Faith-based universities with historically strong denominational ties—Nazarene, Mennonite, and Southern Baptist schools among them—are enrolling fewer students from within their own ranks.
Paul Corts, president of the Council for Christian Colleges and Universities (CCCU), said the trend, seen even in institutions with "very strong, close connections" to denominations, is bound to shape future denominational leadership.
For example, at 18 schools associated with the Churches of Christ (non-instrumental), members of associated churches composed 70 percent of first-year students a decade ago. By fall 2009, that figure had dropped to 53 percent, according to a study by the Harding University Center for Church Growth.
The perceived high cost of a Christian education alongside drops in denominational loyalty have contributed to the changing demographics, said Corts and others.
"So many people now think that everything is just a different flavor," said Mike O'Neal, president of Oklahoma Christian University, a Church of Christ school. "If I'm a Methodist, generally I don't care that a university is Nazarene or Calvinist or whatever. The perception is, we're all alike."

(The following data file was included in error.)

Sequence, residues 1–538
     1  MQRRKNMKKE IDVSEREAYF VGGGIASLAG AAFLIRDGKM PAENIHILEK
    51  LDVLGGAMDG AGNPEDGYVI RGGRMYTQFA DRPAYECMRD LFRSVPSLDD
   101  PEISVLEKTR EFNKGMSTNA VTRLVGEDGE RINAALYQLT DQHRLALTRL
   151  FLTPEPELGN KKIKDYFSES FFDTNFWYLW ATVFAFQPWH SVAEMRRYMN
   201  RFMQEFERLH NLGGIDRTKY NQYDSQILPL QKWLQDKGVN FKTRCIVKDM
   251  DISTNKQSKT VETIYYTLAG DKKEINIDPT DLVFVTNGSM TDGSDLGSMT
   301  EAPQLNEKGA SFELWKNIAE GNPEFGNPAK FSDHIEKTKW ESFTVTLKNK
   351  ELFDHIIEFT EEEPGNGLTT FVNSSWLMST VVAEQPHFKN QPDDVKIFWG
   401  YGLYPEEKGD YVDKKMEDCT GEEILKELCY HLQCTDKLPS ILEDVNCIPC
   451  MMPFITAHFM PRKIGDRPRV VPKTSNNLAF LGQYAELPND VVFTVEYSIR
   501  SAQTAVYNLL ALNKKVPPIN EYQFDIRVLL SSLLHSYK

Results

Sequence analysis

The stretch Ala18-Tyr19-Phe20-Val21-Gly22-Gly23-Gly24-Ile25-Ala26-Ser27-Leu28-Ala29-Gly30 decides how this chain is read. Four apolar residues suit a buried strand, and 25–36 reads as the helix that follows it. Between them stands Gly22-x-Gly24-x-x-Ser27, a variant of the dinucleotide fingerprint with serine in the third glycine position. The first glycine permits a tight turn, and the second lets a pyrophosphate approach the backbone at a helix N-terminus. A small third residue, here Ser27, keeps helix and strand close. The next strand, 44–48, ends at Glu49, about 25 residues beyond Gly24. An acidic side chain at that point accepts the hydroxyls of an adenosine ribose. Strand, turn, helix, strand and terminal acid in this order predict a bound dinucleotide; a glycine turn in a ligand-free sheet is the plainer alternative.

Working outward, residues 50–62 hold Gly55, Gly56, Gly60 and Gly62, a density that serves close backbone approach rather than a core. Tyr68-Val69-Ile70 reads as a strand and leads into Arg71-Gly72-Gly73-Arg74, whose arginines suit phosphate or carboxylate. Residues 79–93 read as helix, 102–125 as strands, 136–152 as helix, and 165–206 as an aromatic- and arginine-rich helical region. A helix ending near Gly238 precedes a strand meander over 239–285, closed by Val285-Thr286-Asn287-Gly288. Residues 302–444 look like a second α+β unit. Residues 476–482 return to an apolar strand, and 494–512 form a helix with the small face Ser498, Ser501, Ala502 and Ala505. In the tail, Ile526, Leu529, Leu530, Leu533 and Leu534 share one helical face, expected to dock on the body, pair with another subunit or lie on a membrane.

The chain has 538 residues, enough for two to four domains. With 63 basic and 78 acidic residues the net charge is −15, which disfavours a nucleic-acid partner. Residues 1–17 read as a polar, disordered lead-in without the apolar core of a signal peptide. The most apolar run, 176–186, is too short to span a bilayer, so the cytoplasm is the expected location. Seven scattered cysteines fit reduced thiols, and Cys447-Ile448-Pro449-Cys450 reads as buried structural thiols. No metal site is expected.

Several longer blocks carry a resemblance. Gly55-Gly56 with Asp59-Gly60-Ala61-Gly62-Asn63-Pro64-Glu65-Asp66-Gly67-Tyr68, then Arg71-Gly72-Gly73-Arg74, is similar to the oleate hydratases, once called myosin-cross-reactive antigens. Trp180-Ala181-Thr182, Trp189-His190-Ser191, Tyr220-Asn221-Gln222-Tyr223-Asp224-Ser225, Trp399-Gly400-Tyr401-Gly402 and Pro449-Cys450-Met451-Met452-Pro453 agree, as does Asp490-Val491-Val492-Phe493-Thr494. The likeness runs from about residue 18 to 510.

At Eastern Mennonite University in Harrisonburg, Virginia, Mennonites represent 45 percent of undergraduates, a decline from previous decades, said president Loren Swartzendruber.
"We know from surveys that a Mennonite student who attends a Mennonite college will be far more likely to be active in a Mennonite congregation as an adult," he said. "Consequently, this trend not only impacts potential leaders but general membership."
Over the past decade, the proportion of Nazarene students at Point Loma Nazarene University has dropped from 30 percent to about 20 ...1
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